Monday, December 02, 2019

Sermon for the First Sunday of Advent, "Bah, Humbug!," Galatians 6:24, Luke 16:19-31

Sermon 12/1/19
Galatians 6:24, Luke 16:19-31

Bah, Humbug!
Dickens’ short work, A Christmas Carol, begins by announcing, “Marley was dead: to begin with.” Jacob Marley was the business partner of one Ebenezer Scrooge, and he’s been dead for some time. Jacob Marley seems to be as close as Scrooge had to a “friend,” but even still Dickens makes sure to tell us that Scrooge wasn’t particularly broken-hearted over Marley’s death. In fact, Dickens doesn’t mince words in describing Scrooge. He says of Scrooge, “Oh! But he was a tight-fisted hand at the grindstone, Scrooge! a squeezing, wrenching, grasping, scraping, clutching, covetous, old sinner!” Dickens continues, “Nobody ever stopped him in the street to say, with gladsome looks, “My dear Scrooge, how are you? When will you come to see me?” No beggars implored him to bestow a trifle, no children asked him what it was o’clock, no man or woman ever once in all his life inquired the way to such and such a place, of Scrooge.” “But what did Scrooge care! It was the very thing he liked. To edge his way along the crowded paths of life, warning all human sympathy to keep its distance.” Scrooge is alone, and he seems to like it that way. His nephew tries to reach out to him, to close the distance between them, but Scrooge rebuffs his efforts. When Scrooge expresses his typical “Bah, humbug” about Christmas, and his nephew tries to coax him out of his bad attitude, Scrooge responds: “What else can I be  [but cross],” returned the uncle, “when I live in such a world of fools as this? Merry Christmas! Out upon merry Christmas! What’s Christmas time to you but a time for paying bills without money; a time for finding yourself a year older, but not an hour richer … “Nephew!” says Scrooge. “Keep Christmas in your own way, and let me keep it in mine.” When Scrooge is asked to support some charity work by folks, he has equally harsh words for them: “I wish to be left alone,” said Scrooge. “I don’t make merry myself at Christmas and I can’t afford to make idle people merry. I help to support the establishments I have mentioned [like the prisons] —they cost enough; and those who are badly off must go there.” The fundraisers respond, “Many can’t go there; and many would rather die.” To which Scrooge answers, “If they would rather die,” said Scrooge, “they had better do it, and decrease the surplus population.”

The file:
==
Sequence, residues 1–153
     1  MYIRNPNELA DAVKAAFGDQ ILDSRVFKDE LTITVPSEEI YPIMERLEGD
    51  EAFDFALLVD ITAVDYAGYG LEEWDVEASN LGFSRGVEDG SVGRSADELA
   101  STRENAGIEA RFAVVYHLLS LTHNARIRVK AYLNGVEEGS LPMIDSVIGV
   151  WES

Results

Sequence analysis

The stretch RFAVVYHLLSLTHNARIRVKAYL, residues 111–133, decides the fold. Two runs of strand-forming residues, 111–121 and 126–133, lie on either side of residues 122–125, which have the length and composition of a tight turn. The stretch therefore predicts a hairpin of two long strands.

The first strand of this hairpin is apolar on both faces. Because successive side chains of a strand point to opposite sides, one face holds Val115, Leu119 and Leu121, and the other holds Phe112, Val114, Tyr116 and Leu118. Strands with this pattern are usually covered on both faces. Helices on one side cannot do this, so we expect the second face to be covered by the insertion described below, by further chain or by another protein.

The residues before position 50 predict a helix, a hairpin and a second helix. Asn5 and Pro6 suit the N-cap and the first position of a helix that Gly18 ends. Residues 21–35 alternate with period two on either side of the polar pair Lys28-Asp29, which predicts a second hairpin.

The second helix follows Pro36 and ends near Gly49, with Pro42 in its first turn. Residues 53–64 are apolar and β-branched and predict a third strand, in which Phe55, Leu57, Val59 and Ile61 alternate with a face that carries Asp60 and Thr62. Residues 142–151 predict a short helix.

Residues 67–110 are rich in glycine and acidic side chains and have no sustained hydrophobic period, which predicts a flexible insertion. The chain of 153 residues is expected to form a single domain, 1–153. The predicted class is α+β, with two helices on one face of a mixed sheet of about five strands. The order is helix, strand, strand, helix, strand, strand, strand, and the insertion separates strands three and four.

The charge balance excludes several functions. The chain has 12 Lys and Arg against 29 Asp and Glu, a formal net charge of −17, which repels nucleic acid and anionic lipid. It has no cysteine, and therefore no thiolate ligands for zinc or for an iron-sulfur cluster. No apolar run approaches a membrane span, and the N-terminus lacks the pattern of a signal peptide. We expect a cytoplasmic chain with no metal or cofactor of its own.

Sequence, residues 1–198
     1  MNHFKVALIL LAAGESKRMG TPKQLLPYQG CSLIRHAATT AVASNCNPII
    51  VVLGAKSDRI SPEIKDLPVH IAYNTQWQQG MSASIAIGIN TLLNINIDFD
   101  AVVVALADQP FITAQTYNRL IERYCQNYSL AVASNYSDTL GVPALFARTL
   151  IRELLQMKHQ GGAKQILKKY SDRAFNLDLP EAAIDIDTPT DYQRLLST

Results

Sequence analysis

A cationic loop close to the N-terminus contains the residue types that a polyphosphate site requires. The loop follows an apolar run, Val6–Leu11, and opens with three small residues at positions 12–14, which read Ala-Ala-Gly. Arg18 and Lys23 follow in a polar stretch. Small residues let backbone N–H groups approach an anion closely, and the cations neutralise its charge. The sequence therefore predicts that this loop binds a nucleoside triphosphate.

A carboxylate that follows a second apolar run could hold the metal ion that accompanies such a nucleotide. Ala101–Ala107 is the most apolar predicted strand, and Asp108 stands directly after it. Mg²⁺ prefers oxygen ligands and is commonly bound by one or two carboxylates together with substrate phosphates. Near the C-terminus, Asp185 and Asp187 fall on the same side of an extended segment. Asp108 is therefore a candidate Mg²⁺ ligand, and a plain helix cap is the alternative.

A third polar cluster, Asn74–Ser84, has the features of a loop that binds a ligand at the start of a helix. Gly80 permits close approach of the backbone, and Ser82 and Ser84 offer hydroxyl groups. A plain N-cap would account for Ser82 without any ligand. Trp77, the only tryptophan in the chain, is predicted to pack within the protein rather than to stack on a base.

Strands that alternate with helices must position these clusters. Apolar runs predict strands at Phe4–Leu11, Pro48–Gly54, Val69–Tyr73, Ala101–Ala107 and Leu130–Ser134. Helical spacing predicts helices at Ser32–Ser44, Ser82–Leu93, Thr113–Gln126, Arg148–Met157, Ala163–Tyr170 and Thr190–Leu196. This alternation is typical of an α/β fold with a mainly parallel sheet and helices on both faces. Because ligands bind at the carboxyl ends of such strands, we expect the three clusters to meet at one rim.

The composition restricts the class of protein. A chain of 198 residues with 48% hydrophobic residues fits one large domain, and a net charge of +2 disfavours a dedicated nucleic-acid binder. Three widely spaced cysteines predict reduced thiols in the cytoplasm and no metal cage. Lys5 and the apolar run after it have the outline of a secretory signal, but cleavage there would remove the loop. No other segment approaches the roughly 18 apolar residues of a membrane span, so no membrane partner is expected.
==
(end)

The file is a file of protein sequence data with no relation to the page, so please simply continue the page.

After all this, the ghost of Jacob Marley appears to Scrooge. He says he’s been wandering restlessly, all this time since he’s died, even keeping an eye on Scrooge. And all this time, seven years, he’s been filled with compassion for all the people he didn’t care about during his lifetime. But his punishment for his apathy during life is this: now that Marley feels compassion, he’s unable to do anything about it. What he can do, though, is this. He has a one-time opportunity to warn Scrooge. ““I am here to-night to warn you,”” Marley says, “”that you have yet a chance and hope of escaping my fate. A chance and hope of my procuring, Ebenezer.”” That’s where we’ll leave Scrooge for now - on the brink of his chance at escaping Marley’s fate. 
Of course, accompanying Scrooge as he eventually meets the ghosts of Christmas past, present, and future is only valuable to us if we can see ourselves in him a bit. If Scrooge is just so cantankerous that he’s a caricature only, we’ve got nothing to learn from him. But I wonder if we, too, don’t sometimes find that we’ve put some distance between ourselves and people who are in need around us. Sometimes we walk past people who are suffering, whether we do it by changing the channel on the TV, or clicking away from a news story, or neglecting to give a little more when we’re confronted with someone else who needs help, or averting our eyes when we see someone in distress, putting our heads down, keep on walking. Sometimes we’re actively dismissive of those who are struggling - like Scrooge we imagine that ‘they” have gotten themselves into trouble and so “they” can get themselves right out of it. And other times, I think we’re just exhausted. That has a name, even - being overwhelmed by the needs of others. “Compassion fatigue.” We try to be compassionate, but how much can we do? Can’t we just be left alone for a bit? The chasm, the gulf between Scrooge and everyone around him is huge. Maybe the distance between us and others isn’t so large as that, but it is there. 
That distance, that chasm is star of our gospel lesson today. In Luke’s gospel, Jesus has been teaching, and some Pharisees are ridiculing him, especially when Jesus says, “You cannot serve God and wealth.” Many of the Pharisees were affluent, and many folks believed - believe - that financial wealth is a sign of God’s blessing. Jesus, though, seems to teach in repeated parables that financial wealth makes following him, makes putting God first, extremely challenging. In response to their ridicule, Jesus tells another parable, our lesson for today.